Productivity and Organizational Performance Management

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Introduction

Over the time, organizations have always expressed their desire to monitor and improve their performance in bid to achieve their goals. In every organization, employees play a significant role in helping it achieve the set goals and targets. It is in this respect that organizational management regularly monitors their employees to ensure that they effectively and efficiently conduct their responsibilities within the organization (Bernthal, Rogers & Smith, 2006, para. 3). The management always wishes to ensure that all activities within the organization are going as per the plan and is ever ready to make alterations where it realizes employees are straying from the set guidelines.

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There are different objectives of conducting organizational performance management. Some of them include ensuring that employees are aware of the organizational mission, vision and the underlying infrastructure and standards to be implemented in realization of these goals, mission and visions. Hence, managers ensure that they have effectively informed their employees about the organizational goals. Another objective of conducting performance management is to identify some of employee skills lacking in their organizations thus including them in their employee development programs. During performance management process, the management and the employees agree on terms and conditions of operations (Hunt & Oerth, 2009, para. 4). This helps in employee motivation hence helping in improving organizational performance.

Organizations regularly promote and reward their employees based on their performance. Running performance appraisal in an organization helps in employee promotion. Every employee becomes satisfied with the promotion process as they find it to be transparent. With different organizations using varied methods in conducting organizational performance management, the objectives of performance management in all the organizations are the same (Management Advisory Committee of Australia, 2001, para. 2). Different scholars have documented on some of the organizational performance management techniques that can be implemented. This paper aims at giving a literature review of some of them.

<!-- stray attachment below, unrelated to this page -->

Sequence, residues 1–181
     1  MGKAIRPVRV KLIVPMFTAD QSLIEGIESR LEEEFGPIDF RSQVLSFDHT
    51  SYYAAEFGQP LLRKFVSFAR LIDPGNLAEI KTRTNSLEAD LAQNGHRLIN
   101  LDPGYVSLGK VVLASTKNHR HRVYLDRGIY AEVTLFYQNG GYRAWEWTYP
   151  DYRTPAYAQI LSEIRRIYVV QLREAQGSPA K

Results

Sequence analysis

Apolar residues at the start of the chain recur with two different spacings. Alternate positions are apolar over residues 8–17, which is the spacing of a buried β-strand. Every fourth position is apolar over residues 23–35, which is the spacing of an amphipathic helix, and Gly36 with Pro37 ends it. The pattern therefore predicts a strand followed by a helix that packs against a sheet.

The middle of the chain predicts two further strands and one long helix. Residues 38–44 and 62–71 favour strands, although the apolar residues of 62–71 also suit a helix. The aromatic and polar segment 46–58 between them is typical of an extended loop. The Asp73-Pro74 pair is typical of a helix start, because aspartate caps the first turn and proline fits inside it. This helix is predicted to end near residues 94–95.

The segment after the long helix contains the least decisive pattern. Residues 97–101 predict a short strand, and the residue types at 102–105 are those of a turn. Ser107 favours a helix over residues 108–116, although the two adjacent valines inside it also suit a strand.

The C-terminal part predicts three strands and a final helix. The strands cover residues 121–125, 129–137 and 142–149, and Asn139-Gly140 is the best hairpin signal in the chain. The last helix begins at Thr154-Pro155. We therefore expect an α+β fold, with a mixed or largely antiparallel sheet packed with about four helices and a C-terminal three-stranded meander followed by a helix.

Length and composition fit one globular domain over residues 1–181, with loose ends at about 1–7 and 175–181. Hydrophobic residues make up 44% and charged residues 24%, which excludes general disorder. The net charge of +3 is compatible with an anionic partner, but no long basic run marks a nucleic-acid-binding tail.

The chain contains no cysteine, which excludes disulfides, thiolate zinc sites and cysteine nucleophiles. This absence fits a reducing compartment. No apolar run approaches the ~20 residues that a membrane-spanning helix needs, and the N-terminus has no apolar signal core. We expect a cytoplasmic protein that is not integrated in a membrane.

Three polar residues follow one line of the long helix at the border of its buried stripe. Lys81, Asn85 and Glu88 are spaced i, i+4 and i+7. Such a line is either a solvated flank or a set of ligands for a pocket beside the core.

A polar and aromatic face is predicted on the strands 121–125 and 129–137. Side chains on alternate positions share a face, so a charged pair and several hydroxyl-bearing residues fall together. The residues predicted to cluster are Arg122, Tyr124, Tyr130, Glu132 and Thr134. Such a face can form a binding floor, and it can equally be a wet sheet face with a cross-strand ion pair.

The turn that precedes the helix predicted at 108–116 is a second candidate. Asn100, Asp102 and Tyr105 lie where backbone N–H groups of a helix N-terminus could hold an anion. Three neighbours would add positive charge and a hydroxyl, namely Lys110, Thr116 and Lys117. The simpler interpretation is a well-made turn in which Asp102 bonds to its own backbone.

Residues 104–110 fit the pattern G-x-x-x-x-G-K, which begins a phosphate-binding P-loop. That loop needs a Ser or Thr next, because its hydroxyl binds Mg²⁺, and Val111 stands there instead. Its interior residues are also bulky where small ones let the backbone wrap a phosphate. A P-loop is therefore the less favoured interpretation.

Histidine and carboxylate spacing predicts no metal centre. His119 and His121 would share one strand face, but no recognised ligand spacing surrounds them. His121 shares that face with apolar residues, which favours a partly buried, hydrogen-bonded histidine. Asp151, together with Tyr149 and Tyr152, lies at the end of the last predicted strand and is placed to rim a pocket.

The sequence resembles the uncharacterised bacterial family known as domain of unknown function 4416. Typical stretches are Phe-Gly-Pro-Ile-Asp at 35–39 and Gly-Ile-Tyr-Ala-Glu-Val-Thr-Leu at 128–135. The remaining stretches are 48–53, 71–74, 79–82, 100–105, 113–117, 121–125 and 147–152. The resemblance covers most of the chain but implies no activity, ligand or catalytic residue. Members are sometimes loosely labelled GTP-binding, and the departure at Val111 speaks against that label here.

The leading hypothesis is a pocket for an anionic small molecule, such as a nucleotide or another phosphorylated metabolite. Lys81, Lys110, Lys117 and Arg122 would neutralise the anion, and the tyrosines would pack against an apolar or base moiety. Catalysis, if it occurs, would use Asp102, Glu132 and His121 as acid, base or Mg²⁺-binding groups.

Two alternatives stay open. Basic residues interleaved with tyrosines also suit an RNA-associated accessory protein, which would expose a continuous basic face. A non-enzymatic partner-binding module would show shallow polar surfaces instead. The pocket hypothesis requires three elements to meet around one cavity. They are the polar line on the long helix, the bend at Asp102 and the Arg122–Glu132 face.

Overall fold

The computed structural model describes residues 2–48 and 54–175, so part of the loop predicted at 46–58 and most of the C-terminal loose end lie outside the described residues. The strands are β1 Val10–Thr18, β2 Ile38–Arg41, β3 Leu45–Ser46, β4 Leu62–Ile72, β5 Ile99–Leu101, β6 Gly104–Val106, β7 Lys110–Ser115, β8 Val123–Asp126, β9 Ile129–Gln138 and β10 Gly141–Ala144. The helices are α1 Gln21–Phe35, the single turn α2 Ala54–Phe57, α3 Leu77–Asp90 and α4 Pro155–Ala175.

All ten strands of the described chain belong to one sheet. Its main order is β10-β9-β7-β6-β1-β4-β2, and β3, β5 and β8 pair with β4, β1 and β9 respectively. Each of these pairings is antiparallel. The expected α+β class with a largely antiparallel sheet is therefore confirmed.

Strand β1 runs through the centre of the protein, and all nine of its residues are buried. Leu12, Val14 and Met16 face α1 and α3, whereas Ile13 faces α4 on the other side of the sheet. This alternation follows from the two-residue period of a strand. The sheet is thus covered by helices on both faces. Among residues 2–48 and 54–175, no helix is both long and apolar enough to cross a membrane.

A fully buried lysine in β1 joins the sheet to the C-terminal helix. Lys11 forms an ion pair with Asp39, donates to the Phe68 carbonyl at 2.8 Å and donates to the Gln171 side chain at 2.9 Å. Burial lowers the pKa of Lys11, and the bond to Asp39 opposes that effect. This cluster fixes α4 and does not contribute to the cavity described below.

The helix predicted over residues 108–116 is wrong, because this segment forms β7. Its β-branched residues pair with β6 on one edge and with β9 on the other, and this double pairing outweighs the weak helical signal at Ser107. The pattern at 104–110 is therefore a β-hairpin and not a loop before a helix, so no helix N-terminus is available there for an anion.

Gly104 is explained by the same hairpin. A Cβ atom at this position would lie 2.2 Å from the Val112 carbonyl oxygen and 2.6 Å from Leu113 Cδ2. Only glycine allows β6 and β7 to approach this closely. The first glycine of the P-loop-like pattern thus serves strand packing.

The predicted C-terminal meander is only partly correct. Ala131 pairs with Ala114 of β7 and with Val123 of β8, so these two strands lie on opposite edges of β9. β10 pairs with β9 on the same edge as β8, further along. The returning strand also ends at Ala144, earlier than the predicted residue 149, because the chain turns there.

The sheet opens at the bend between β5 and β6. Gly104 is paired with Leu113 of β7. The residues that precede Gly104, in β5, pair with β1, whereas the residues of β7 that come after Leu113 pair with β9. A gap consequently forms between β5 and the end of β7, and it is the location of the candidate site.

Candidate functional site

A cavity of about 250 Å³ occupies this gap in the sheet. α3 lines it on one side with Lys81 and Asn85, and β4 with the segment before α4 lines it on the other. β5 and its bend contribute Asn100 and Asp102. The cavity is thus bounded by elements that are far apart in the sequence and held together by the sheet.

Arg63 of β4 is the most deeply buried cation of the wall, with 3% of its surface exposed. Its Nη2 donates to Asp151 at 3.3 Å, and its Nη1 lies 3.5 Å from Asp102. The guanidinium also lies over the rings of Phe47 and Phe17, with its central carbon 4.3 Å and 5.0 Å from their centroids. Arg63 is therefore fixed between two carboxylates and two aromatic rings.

Literature review of organizational performance management

According to Hoehn (2005, pp. 2-6), one method of conducting organizational performance management is through the help of scorecards. He notes that an effective performance management ought to be clearly defined with respect to things to be assessed, standards to be used in assessment process and responses to be taken after the assessment. He posits that the management needs to ensure that it sticks to the guidelines set in the assessment procedure. Implantation of balanced scorecards in monitoring organizational performance helps the management evaluate varied aspects of performance. Some of the performance areas evaluated through this method include customer satisfaction, employee development, financial performance and other internal factors that hinder or promote organizational growth. Initially, most organizations determined their performance based on revenue being accrued. Hoehn claims that organizational performance entails other aspects apart from financial income. Development of balanced scorecards facilitates in coming up with a more comprehensive organizational evaluation. Assessing organizational performance using a scorecard helps managers cover a wide range of business performance (Toppazzini, 2008, para. 8). This is because it is designed in a way that it covers numerous unrelated areas that helps an organization increase its competitive edge.